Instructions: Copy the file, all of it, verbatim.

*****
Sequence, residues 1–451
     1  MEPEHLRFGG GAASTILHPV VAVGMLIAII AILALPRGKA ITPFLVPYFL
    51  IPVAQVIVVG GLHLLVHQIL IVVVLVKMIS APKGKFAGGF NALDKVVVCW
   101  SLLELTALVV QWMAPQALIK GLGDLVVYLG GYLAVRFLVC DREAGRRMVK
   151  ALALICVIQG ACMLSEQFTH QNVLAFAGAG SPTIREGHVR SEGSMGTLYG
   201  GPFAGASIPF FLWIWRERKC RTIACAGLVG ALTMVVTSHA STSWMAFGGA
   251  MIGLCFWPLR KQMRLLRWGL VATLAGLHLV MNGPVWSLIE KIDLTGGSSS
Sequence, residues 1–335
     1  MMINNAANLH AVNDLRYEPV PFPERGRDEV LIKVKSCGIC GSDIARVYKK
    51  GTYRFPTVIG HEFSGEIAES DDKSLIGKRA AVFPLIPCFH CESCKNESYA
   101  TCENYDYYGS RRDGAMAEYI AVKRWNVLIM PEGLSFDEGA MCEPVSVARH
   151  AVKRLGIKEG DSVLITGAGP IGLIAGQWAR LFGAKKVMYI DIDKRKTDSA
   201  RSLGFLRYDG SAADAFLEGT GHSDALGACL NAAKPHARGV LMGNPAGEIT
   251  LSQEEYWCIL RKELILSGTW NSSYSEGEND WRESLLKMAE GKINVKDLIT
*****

Sequence, residues 1–451
     1  MEPEHLRFGG GAASTILHPV VAVGMLIAII AILALPRGKA ITPFLVPYFL
    51  IPVAQVIVVG GLHLLVHQIL IVVVLVKMIS APKGKFAGGF NALDKVVVCW
   101  SLLELTALVV QWMAPQALIK GLGDLVVYLG GYLAVRFLVC DREAGRRMVK
   151  ALALICVIQG ACMLSEQFTH QNVLAFAGAG SPTIREGHVR SEGSMGTLYG
   201  GPFAGASIPF FLWIWRERKC RTIACAGLVG ALTMVVTSHA STSWMAFGGA
   251  MIGLCFWPLR KQMRLLRWGL VATLAGLHLV MNGPVWSLIE KIDLTGGSSS
Sequence, residues 1–335
     1  MMINNAANLH AVNDLRYEPV PFPERGRDEV LIKVKSCGIC GSDIARVYKK
    51  GTYRFPTVIG HEFSGEIAES DDKSLIGKRA AVFPLIPCFH CESCKNESYA
   101  TCENYDYYGS RRDGAMAEYI AVKRWNVLIM PEGLSFDEGA MCEPVSVARH
   151  AVKRLGIKEG DSVLITGAGP IGLIAGQWAR LFGAKKVMYI DIDKRKTDSA
   201  RSLGFLRYDG SAADAFLEGT GHSDALGACL NAAKPHARGV LMGNPAGEIT
   251  LSQEEYWCIL RKELILSGTW NSSYSEGEND WRESLLKMAE GKINVKDLIT